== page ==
Jackson goes on to exhibit an explicit counterexample, based on a Lorentz scalar potential. This field looks like electrostatics (or even Newtonian gravitation!) in the non-relativistic limit. It also has "an apparent magnetic-like force. But there is no independent entity B." So in this "theory" B is indeed only a relativistic effect, but this theory does not apply to Nature.

• 12.2? Kinematics of Decay Products of an Unstable Particle? Or am I reading wrong Electrodynamics by wrong Jackson? – Ruslan Aug 24 '15 at 19:20
• @Ruslan, my ref is Jackson, Classical Electrodynamics, 2nd ed. Section 12.2 heading is "On the Question of Obtaining the Magnetic Field, Magnetic Force, and the Maxwell Equations from Coulomb's law and Special Relativity." – Art Brown Aug 24 '15 at 19:34
• Chapter 12 title is "Dynamics of Relativistic Particles and Electromagnetic Fields". – Art Brown Aug 24 '15 at 19:41
• Hmm, was trying 1st edition. But this isn't present in 3rd too. And I failed to find 2nd. Anyway, there's a followup paper by Kobe, which asserts that the missing assumption to derive Maxwell's equations from Coulomb's law is that charge is a conserved scalar. Anyway, I'd still like to read that Jackson's counterexample you cite, so if you have any link to downloadable 2nd edition, I'd be very thankful if you posted it. – Ruslan Aug 25 '15 at 5:06
• This answer is helpful, but it's an inaccurate summary of what Jackson says. I looked up the relevant passage from the 2nd edition. He does not say that all such proofs are wrong, only that some care is required in spelling out some hidden assumptions. He gives several references to treatments that he says do properly spell out the assumptions: D. H . Frisch and L. Wilets, Am. J. Phys. 24, 574 (1956). J. R. Tessman, Am. J. Phys. 34, 1048 (1966). M. Schwartz, Principles of Electrodynamics, McGraw-Hill, New York (1972), ch. 3. – user4552 Dec 3 '16 at 23:37

With Coulomb's law and special relativity you can derive Ampere's law, which gives you magnetostatics. What's missing for electrodynamics is the displacement current ($\frac{1}{c^2} \frac{\partial E}{\partial t}$), which is a source of magnetic field arising from time-varying electric field, and not a result of the motion of electric charge.

Relativity has only two postulates:

1. The laws of physics are the same in all inertial reference frames
2. All inertial observers measure the same speed for light in vacuum.

Relativity, by itself, does not mandate that electric fields (or electric potential for that matter) must travel at the speed of light. To derive the Maxwell equations, you need an additional postulate, and that is provided by the wave equation (for electric potential) in Section 4 of the reference in Helder's answer. Without this additional postulate (that changes in electric potential propagate at the speed of light), you cannot derive the displacement current from Coulomb's law and relativity alone.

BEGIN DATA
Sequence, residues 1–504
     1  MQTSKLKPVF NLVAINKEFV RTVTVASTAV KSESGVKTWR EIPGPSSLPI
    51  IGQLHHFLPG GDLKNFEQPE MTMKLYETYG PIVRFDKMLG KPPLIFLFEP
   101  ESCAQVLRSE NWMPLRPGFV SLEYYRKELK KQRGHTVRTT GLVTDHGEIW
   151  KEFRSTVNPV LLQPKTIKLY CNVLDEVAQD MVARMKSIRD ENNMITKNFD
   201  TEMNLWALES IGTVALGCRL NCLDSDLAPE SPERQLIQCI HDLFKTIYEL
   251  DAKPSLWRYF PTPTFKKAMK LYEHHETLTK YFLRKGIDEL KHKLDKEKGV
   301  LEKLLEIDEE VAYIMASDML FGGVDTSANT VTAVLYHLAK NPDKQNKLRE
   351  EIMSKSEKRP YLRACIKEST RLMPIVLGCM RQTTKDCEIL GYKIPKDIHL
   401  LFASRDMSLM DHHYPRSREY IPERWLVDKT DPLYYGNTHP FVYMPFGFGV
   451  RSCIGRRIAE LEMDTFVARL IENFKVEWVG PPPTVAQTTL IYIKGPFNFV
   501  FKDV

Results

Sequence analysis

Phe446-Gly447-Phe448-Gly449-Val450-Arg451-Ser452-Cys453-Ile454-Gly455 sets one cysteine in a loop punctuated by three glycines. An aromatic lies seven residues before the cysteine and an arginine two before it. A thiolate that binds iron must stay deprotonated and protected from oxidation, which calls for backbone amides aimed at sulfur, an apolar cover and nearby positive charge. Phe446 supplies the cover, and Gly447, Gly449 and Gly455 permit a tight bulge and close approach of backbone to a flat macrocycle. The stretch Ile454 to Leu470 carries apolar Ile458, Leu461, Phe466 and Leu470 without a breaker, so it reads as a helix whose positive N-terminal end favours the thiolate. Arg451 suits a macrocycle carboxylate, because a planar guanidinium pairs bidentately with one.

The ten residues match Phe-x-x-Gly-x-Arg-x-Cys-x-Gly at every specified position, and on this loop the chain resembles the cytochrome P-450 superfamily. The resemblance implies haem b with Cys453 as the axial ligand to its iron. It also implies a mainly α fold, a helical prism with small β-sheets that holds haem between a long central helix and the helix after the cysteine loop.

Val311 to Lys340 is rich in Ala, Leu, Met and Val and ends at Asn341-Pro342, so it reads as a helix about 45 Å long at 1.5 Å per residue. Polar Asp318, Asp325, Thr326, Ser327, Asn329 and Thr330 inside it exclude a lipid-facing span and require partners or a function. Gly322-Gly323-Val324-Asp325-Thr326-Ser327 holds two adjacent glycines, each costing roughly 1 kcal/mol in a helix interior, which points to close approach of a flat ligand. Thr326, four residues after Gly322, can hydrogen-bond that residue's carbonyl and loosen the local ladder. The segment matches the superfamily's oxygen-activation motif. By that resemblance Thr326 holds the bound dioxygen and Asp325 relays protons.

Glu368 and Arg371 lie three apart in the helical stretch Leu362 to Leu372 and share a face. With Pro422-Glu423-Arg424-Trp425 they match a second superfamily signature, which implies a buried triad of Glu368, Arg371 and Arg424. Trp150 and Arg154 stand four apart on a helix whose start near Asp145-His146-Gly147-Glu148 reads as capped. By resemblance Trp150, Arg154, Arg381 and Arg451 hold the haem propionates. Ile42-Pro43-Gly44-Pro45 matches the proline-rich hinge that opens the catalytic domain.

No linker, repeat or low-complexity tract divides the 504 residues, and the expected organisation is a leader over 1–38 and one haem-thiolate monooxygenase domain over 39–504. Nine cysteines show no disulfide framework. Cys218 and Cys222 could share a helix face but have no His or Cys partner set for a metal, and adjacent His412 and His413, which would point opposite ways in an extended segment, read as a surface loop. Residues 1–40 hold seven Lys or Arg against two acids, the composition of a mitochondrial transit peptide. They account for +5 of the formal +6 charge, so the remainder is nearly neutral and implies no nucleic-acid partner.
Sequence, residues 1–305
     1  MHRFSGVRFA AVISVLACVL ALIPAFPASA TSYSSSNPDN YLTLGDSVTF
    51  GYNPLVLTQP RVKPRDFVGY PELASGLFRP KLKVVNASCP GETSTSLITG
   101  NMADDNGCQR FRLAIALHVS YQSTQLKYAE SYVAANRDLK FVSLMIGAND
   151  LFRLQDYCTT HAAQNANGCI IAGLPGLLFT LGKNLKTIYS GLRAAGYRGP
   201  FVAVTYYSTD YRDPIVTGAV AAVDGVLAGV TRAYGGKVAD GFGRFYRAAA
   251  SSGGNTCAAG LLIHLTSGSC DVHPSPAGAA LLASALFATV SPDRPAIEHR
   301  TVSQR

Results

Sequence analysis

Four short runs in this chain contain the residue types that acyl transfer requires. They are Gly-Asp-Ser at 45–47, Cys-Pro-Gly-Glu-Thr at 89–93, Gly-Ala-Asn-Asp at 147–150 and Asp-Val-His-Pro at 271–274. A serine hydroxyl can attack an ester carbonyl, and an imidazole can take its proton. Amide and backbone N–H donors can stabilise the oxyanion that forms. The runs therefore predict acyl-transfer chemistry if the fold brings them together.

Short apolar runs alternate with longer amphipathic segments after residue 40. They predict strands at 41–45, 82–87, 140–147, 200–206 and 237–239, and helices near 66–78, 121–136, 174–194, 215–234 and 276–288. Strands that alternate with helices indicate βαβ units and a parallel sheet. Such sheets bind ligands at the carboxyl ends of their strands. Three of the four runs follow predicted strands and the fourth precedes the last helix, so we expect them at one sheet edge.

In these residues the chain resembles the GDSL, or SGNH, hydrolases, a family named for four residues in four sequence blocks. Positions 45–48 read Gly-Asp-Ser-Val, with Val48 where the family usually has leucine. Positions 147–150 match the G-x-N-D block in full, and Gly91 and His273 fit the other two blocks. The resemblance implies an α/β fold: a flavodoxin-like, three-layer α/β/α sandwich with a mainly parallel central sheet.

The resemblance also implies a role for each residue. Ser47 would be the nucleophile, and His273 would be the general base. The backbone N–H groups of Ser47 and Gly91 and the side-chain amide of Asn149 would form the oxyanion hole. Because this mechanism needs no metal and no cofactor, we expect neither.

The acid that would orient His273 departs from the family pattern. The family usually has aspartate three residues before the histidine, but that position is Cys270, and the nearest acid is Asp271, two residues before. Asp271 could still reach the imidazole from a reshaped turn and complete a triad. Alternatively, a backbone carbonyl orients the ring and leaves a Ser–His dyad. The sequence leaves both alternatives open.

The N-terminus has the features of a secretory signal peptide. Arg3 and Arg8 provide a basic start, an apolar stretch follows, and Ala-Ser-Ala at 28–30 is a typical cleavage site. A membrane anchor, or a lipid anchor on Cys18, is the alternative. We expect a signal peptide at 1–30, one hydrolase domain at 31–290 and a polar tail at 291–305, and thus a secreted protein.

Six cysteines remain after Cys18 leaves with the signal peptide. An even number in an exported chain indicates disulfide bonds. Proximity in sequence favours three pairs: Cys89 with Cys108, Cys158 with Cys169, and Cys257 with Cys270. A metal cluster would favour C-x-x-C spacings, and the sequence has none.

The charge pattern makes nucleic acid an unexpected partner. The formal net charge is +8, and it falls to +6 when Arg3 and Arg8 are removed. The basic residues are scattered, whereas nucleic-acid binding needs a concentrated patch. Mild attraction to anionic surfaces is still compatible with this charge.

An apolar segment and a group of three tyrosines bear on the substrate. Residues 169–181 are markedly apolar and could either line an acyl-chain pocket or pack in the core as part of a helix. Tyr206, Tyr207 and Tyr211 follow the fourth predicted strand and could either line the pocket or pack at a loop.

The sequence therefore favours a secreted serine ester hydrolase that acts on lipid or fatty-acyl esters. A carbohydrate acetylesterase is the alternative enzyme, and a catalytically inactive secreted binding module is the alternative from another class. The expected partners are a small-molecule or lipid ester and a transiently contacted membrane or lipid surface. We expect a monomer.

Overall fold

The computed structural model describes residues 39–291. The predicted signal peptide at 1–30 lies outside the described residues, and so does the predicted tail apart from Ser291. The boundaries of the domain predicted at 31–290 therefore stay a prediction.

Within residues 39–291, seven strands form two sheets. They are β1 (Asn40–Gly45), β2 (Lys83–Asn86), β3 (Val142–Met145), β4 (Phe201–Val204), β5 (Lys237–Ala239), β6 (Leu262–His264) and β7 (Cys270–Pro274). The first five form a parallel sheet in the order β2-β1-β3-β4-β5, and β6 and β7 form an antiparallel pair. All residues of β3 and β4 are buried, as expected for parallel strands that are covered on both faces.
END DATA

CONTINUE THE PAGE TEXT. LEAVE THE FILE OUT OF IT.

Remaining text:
• but Light IS electromagnetic field, and vice-versa – Helder Velez Sep 16 '13 at 14:27
• @Helder Well, if you assume special relativity to derive Maxwell's equations in the way discussed here, you obviously can't refer to the speed of light initially because what light is is not defined until you're done with your derivation. What you can do, though, and in fact must do, is assume that there is a velocity $v$ that appears to be the same in all reference frames. (This is basically what distinguishes Galilean mechanics from SR.) That is, you formulate SR using this velocity $v$ (instead of the speed of light $c$) and derive Maxwell's equations as outlined in... – balu Jun 3 '18 at 16:39
• ...the other posts here. But at some point you will have to make the assumption that $v$ is precisely the velocity at which perturbations of the electromagnetic field propagate. So JxB is absolutely right. – balu Jun 3 '18 at 16:40

by Hans de Vries (*):

The simplest, and the full derivation of Magnetism as a Relativistic side efect of ElectroStatics

He uses only Electrostactic field and the non-simultaneity to obtain the Magnetic Field. He does explain it better than Purcell.

Magnetic field is a side effect of movement in the electric field.

(*) Hans de Vries has a very interesting online book (not yet finished) in his site, and he offers another pearl, not related to this post, but I feel compelled to share: The Lorentz contraction is a real effect and not only 'a referential effect' as we are tempted to believe.

• @JxB I can not comment your answer and quoting "To derive the Maxwell equations, you need an additional postulate, and that is provided by the wave equation (for electric potential) in Section 4 of the reference in Helder's answer. Without this additional postulate (that changes in electric potential propagate at the speed of light), you cannot derive the displacement current from Coulomb's law and relativity alone." – Helder Velez Feb 8 '11 at 15:50